The government made $6.2 billion in overpayments across two unemployment insurance programs during the first year of the pandemic, according to a watchdog report released Tuesday.

Millions of Americans lost their jobs as the coronavirus slammed the economy in spring 2020, forcing many to rely on jobless benefits and straining state unemployment systems. In March 2020, Congress passed legislation that boosted and supplemented regular unemployment benefits, including a new program called Pandemic Unemployment Assistance (PUA), which extended help to workers left out of their state’s systems.

The report by the Government Accountability Office said the Labor Department reported that “states had identified more than $3.6 billion in PUA overpayments from March 2020 through February 2021.” In addition, states identified $2.6 billion in regular unemployment insurance overpayments in the last three quarters of 2020.

The report noted that “overpayments are not necessarily a result of fraud, though some may be.” States generally must require people to repay overpayments, but they can also waive that requirement if they find an individual was “without fault.” For instance, in October the Colorado Department of Labor and Employment forgave $1.4 million in PUA overpayments to 9,000 Coloradans after acknowledging that confusing forms for gig workers may have led some people to overestimate their incomes.

The numbers reported by the GAO represent a much higher overpayment amount than was previously known. When the GAO addressed the issue in a January report, it found that Labor Department data showed $1.1 billion in PUA overpayments between March and December 2020, and it recommended that the agency collect the data from states.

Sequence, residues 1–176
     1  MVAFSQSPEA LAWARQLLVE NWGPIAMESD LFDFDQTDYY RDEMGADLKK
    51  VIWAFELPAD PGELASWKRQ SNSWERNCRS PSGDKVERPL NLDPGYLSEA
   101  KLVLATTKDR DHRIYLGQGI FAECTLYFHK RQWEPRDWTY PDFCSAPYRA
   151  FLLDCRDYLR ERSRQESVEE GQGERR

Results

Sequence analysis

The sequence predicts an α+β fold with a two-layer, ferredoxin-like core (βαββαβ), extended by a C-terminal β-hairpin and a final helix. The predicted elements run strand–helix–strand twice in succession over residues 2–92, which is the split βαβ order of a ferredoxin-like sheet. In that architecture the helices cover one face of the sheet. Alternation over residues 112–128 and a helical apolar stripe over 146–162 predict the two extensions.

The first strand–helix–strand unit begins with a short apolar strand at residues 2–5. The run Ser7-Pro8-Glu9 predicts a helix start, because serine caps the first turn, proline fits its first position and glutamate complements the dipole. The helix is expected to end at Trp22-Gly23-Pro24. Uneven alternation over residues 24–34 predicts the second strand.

The GAO’s January report also repeated and elaborated on concerns about fraud in an emergency relief program run by the Small Business Administration (SBA), called the Economic Injury Disaster Loan (EIDL) Program, which offers up to $10,000 to businesses and nonprofit organizations. By the end of December, the SBA had approved 3.6 million low-interest loans worth $197 billion.


The GAO reported that the SBA’s independent auditor stated in December that the agency “was unable to provide adequate documentation to support a significant number of transactions and account balances related to EIDL due to inadequate processes and controls.”

The auditor also found over 6,000 EIDL loans worth more than $212 million “issued to potentially ineligible borrowers,” the GAO found.

Between May 2020 and February, the Justice Department announced charges against more than 50 defendants in more than 30 fraud cases connected with EIDL loans, the GAO said. As of February, at least five people had pleaded guilty to federal charges of defrauding the program.

The SBA told the watchdog that it was working to better document its processes and controls for future audits, and that it agreed with a GAO recommendation that it put in place an oversight plan for the disaster loans.

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